The European Space Agency is to provide a Pilot-D precision landing camera for the Luna-25 spacecraft.

The exact same camera will be a key element of the high-precision landing system that the European agency will have to provide Russia for the Luna-27 spacecraft, which is scheduled to launch in 2024. Luna-27 will deliver the Prospekt cryogenic soil sampling device and a miniature laboratory to the surface of the Earth's satellite, which, together with another Russian device, will search for ice and various chemical elements under the lunar surface.

Flagship mission

“It’s very exciting to wait for Russia to return to the moon,” said James Head, an astronautics expert at Brown University. According to him, work on the Luna-25 project is progressing successfully, despite the spread of covid-19, and so far there have been no reports of suspensions.


45 years after Russia's last successful lunar mission, the Russian space program is likely to allow the country to return to Earth very soon, said Brian Harvey, an independent space analyst who closely monitors the program. that setting the launch date was an attempt to force things and ensure that the launch would take place - a kind of psychological self-motivation."

“I'll tell you right off the bat that I want to be ironic about the name Luna 25,” said Jay Gallentine, an independent space historian who has been closely following advances in robotic exploration of the solar system. this name gives the impression that Luna-25 is another spacecraft in a long series of lunar missions, although the previous spacecraft, Luna-24, was launched in 1976.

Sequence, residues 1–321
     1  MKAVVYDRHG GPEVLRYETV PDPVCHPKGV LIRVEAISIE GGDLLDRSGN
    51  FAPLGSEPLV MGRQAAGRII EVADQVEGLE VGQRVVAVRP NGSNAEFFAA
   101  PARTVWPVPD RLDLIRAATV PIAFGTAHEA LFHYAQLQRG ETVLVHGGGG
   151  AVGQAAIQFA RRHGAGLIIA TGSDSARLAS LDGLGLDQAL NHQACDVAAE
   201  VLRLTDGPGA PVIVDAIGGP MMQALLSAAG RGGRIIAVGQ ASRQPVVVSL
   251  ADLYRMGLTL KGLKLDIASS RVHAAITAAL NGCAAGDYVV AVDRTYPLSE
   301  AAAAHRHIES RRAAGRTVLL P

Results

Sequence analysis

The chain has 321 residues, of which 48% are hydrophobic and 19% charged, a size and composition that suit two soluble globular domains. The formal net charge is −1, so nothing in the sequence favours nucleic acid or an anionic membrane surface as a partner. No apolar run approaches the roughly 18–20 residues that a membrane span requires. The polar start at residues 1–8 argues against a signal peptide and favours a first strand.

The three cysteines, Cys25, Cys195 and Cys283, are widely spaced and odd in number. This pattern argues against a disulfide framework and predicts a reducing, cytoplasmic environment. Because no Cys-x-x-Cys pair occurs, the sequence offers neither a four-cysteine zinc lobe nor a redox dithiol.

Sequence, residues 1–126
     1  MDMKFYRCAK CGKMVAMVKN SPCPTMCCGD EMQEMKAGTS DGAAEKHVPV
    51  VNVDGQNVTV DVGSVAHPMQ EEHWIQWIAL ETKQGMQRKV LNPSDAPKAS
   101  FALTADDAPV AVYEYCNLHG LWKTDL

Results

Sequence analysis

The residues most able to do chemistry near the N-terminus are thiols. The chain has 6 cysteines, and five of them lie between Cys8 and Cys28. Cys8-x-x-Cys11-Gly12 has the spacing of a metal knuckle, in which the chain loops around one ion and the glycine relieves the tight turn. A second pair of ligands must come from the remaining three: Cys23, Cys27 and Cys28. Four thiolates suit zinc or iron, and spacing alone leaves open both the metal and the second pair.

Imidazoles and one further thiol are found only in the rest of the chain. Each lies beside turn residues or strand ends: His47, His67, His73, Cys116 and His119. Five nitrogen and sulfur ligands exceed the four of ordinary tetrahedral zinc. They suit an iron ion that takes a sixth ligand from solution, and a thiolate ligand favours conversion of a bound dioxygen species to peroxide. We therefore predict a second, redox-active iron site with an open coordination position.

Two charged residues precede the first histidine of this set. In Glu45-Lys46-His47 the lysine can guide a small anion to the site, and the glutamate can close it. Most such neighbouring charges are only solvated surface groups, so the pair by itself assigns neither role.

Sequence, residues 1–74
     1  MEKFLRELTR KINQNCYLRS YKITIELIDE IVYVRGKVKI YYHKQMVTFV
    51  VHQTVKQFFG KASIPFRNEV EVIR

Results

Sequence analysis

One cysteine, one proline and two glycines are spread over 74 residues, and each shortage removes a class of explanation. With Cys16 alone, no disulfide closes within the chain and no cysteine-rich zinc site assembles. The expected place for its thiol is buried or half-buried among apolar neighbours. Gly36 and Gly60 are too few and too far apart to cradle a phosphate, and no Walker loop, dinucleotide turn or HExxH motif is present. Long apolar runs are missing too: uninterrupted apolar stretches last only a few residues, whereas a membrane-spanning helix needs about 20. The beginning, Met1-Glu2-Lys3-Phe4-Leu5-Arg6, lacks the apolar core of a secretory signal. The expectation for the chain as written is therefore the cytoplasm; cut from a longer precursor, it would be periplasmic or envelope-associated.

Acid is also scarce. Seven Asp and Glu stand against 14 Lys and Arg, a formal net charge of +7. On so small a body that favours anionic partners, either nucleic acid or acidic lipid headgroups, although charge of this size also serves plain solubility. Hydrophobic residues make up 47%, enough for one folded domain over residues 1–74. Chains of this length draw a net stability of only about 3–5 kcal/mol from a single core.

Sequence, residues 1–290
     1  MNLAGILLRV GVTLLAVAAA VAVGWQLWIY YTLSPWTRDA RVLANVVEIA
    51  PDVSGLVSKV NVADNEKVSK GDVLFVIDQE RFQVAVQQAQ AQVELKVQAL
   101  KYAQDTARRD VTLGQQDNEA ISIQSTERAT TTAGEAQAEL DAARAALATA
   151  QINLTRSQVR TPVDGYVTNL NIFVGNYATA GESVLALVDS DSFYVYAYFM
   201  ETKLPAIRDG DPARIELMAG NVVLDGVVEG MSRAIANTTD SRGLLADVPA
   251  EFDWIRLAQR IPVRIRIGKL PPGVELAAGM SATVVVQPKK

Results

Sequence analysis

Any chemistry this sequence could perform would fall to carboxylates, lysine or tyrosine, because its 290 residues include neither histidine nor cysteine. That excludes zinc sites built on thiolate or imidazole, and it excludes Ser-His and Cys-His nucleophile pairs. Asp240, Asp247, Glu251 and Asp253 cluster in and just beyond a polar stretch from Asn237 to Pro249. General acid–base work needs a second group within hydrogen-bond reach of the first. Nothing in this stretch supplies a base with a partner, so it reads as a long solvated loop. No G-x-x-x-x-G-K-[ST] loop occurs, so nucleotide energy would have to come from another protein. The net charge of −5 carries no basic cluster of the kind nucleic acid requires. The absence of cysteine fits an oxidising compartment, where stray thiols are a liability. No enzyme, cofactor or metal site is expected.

According to experts, such a long hiatus in the launch of lunar missions is due to the consequences of the disruption in funding, as well as problems regarding quality control and management. According to Harvey, the Russian authorities are now more interested in the effective implementation of the space program than at any time since 1991.

“The partnership with the European Space Agency is a clear effort to spread costs and bring stability,” he added. - The Russians have always fulfilled their part of the treaty. And if they have agreed with Europe about something, it will happen."

The Russians will do whatever they can to launch the Luna 25 into space, Harvey said. “Obstacles can arise if they discover any problems during testing or if there are any problems with the rocket,” he explained. - For the last couple of years, Russia has postponed the launch dates of missions if such problems arose. But that's a good thing, because it means the Russians are doing a lot of quality control."

From Gallentine's point of view, the main problem could be problems with the reliability of the Luna-25 software.“As history shows, after launch, spacecraft developers are engaged in learning to operate the instruments that they themselves have created.

Russians can hardly boast of outstanding achievements in the field of computer technology and software,”he stressed.

Corruption quagmire

The stakes on the Luna 25 project are very high, said Asif Siddiqi, a history professor who specializes in Russian space exploration. “Luna 25 is of great importance. If this project fails, it will provoke a domino effect that will affect many other areas," - he explained. Meanwhile, if it is successful, this mission will set the stage for a new era in implementation of the Russian space program.

The upcoming Luna 25 mission is the first demonstration of the success of the Russian space exploration program in decades. “I think the developers are very nervous right now,” he added.

Siddiqi points to problems of mismanagement and corruption, as well as a persistent lack of funding, citing them as reasons for the long hiatus. “A relic of the Soviet era is that people are still living in dreams of some fabulous global space program. But for this they do not have the resources and the necessary leadership skills, - he explained. - Before Russia was a great space power. But everyone understands that her greatness is in the past."